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  • To sell, or not to sell That is the question (in deceased estates)

    To sell, or not to sell? That is the question (in deceased estates)

    Rare are the circumstances where “The Tax Man” offers any dispensation from our tax-paying duties.  Death is one of those circumstances.

    Deceased estates enjoy roll over relief from the payment of capital gains tax.[1]  One power of an executor (or administrator, where there is no will) is to decide how assets within an estate are dealt with.  Subject to any specific direction in a will, an executor will ordinarily have the power to sell assets.  They will also have the power to appropriate certain assets in-specie, and apply them towards a beneficiary’s share of the estate.

    For example, an estate may have two equal residuary beneficiaries with the assets comprising $200,000.00 cash and shares Medibank Private Limited also valued at $200,000.00.  In discharging their duties, the executor could give beneficiary 1 $200,000.00 and could transfer the shares to beneficiary 2.  While these types of decisions are often made in consultation with the beneficiaries, the executor generally does not require the consent of the beneficiaries to make these decisions.

    Where there are multiple beneficiaries of an estate, from a practical point of view, often the easiest thing for an executor to do is say “show me the money”.  That is, an executor elects to sell an asset within the estate.  It is then easy to divide the sale proceeds among the various beneficiaries with little argument.  Executors are often pressured by beneficiaries who have large debts and would prefer to receive “liquid” funds.  However, from a tax perspective, often it is not prudent for an executor to engage their powers of sale.

    The sale of assets within an estate will often attract the payment of capital gains tax liabilities.  However, where assets are transferred to beneficiaries of an estate, there are no immediate tax consequences.[2]  On transfer, The Tax Man allows you to “roll over” or defer the tax consequences until some later time or event.

    The general rule of thumb is that if the deceased person would have been entitled to reduce or disregard a capital gain while they were alive, that right continues in the estate.  The right continues for a two year period beyond the date of the deceased’s death.[3]

    For example, let’s say that at the date of Lucy’s death, she:

    • owned 500 Commonwealth Bank shares in her sole name, valued at $36,650.00. Lucy purchased the shares in 2005 for $20,000.00 (at $40.00 per share);
    • owned 500 National Australia Bank shares in her sole name, valued at $12,240.00. Lucy purchased the shares in 1984 for $7,500.00 (at $15.00 per share); and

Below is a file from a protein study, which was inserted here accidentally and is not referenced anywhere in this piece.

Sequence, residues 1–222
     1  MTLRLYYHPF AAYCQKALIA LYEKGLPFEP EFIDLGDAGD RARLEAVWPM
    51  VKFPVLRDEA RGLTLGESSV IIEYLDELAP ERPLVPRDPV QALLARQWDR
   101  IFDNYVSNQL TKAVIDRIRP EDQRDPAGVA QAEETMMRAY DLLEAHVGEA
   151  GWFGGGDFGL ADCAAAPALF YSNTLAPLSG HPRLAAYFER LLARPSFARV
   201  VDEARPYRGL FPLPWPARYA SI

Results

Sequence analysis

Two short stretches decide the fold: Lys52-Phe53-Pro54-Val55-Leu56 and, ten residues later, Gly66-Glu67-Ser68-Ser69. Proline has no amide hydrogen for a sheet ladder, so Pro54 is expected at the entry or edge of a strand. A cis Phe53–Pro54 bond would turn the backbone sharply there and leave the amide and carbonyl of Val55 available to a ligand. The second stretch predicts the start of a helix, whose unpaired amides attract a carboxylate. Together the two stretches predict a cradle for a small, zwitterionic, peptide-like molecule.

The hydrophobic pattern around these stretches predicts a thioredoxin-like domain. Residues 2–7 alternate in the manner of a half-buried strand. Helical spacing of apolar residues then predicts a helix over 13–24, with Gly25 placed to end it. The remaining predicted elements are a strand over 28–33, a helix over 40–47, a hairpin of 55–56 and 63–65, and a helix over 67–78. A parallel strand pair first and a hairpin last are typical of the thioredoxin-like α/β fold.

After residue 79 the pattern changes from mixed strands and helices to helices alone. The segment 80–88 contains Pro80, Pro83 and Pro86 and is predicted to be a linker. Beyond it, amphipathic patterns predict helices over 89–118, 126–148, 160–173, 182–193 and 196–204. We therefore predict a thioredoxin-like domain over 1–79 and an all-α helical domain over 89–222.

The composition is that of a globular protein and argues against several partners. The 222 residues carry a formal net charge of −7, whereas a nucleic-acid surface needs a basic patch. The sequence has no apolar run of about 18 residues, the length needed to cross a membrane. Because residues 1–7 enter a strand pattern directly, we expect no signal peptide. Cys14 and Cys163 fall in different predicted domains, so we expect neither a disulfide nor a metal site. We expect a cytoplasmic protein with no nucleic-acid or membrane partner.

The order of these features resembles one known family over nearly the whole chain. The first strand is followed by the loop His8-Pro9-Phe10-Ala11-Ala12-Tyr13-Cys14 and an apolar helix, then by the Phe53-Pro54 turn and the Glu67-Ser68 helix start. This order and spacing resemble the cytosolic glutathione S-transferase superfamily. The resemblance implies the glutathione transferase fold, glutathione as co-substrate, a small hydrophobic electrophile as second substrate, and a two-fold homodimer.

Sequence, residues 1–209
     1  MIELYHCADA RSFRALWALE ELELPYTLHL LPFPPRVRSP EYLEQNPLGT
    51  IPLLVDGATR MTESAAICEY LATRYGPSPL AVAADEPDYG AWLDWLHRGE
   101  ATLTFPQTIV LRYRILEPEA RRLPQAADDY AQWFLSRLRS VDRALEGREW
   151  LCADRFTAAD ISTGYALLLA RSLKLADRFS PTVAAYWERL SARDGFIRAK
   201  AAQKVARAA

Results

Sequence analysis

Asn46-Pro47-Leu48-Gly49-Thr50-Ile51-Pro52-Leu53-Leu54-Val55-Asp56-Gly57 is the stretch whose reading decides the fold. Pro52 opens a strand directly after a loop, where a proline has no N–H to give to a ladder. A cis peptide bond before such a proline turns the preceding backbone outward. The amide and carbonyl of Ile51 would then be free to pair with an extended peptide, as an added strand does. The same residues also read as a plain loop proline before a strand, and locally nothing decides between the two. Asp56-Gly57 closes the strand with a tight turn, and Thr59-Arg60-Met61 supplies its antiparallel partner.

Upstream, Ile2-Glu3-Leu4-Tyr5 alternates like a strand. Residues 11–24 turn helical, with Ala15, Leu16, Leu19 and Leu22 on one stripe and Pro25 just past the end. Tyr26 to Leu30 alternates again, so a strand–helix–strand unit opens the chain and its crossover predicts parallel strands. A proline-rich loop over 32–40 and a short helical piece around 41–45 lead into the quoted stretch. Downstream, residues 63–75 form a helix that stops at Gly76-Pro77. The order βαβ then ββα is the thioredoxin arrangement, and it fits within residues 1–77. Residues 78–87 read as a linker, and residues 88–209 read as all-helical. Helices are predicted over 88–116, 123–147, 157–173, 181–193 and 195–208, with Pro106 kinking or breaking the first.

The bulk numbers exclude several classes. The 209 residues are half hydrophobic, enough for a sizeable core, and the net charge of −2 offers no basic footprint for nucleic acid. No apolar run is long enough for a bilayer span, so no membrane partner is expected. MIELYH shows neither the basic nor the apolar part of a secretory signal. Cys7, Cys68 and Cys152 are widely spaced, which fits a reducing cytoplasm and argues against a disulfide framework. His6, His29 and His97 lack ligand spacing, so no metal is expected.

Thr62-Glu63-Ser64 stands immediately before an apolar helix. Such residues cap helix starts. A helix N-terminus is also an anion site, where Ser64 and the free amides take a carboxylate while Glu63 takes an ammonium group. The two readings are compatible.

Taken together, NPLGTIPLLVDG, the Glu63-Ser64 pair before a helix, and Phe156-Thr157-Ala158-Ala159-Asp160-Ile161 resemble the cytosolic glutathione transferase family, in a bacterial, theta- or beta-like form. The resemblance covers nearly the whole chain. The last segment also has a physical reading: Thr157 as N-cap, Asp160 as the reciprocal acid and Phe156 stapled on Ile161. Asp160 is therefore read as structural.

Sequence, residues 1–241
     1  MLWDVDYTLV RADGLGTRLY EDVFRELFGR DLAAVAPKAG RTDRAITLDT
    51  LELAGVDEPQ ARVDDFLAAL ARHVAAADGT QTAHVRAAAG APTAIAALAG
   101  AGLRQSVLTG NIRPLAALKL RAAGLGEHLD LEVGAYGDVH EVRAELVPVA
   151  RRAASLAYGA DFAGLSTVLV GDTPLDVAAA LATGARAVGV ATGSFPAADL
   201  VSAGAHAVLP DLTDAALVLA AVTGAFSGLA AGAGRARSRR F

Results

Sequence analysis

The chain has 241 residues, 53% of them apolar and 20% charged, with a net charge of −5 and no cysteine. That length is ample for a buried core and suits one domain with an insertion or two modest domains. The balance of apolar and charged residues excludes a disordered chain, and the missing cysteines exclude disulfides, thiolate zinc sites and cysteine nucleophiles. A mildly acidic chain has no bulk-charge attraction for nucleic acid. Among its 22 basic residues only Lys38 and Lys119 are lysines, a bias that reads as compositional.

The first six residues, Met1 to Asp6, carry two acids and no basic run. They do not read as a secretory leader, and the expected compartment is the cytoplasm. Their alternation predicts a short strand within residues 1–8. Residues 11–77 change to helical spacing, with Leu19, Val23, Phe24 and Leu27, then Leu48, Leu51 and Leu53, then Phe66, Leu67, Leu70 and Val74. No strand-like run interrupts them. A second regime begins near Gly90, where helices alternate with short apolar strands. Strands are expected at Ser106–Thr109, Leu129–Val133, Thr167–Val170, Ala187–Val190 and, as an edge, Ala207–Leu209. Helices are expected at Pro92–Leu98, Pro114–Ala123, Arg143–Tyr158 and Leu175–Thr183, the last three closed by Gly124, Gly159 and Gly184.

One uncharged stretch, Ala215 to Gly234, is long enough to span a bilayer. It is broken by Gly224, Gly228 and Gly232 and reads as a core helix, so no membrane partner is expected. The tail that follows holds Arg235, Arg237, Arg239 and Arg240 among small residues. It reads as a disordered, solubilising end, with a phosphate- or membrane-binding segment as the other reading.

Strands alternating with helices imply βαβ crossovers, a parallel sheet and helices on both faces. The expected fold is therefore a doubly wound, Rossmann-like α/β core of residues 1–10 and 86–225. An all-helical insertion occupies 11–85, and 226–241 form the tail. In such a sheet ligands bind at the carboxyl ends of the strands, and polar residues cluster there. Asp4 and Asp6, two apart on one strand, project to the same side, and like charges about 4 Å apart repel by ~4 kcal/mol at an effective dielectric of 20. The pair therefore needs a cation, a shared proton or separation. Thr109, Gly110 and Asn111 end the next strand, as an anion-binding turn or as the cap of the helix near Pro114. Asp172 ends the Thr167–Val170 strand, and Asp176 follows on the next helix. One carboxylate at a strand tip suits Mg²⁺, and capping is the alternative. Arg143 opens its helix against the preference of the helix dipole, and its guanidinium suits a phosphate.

• was the sole Registered Proprietor of her home, where she lived until she died.

    Lucy left a will appointing Matthew her as her sole executor and nominating James as her sole beneficiary.

    On Lucy’s death, if Matthew transferred the Commonwealth Bank shares to James, there would be a capital gains tax rollover.  No tax is payable on the transfer.  James would enjoy the assets with the benefit of regular dividend payments.  For calculating any future capital gains tax, James would acquire Lucy’s cost base when she initially purchased the shares ($40.00 per share).

    If James later sold the shares for $40,000.00 ($80.00 per share), he would have to pay capital gains tax on $60,000.00 (the difference between the ultimate sale price and Lucy’s purchase price).  James may be entitled to a reduction in the tax depending on how long he retained the shares.[4]

    If Matthew, as the executor, elected to sell the Commonwealth Bank shares within the estate, there would be a capital gains tax event and the estate would be liable to pay tax on the gain.  This would reduce the overall “value” of the inheritance being received by James.

    The National Australia Bank shares were acquired by Lucy in 1984, before capital gains tax was introduced.  If Matthew sells these shares, there will be no tax payable.  If Matthew transfers these shares to James, there will also be no capital gains tax payable.  James would acquire the shares at their value on Lucy’s death.

    In relation to the main residence of the deceased person, there is an exemption from paying capital gains tax.[5]  While it is a complicated area of law, if an executor sells the deceased’s main residence, provided settlement is effect within two years of deceased’s death, the sale proceeds will be exempt from capital gains tax.

    Any income earned beyond the date of the deceased’s death (by way of dividend payments, share sales etc.) must be declared in a separate tax return filed on behalf of the estate.  This is another obligation of an executor.  The estate requires its own tax file number because it is a separate tax paying entity.  The estate is treated like an individual for tax purposes and can take advantage of the tax free threshold for three years.  Because of this, if assets within an estate are to be sold, there is merit in spanning the sales out over several financial years.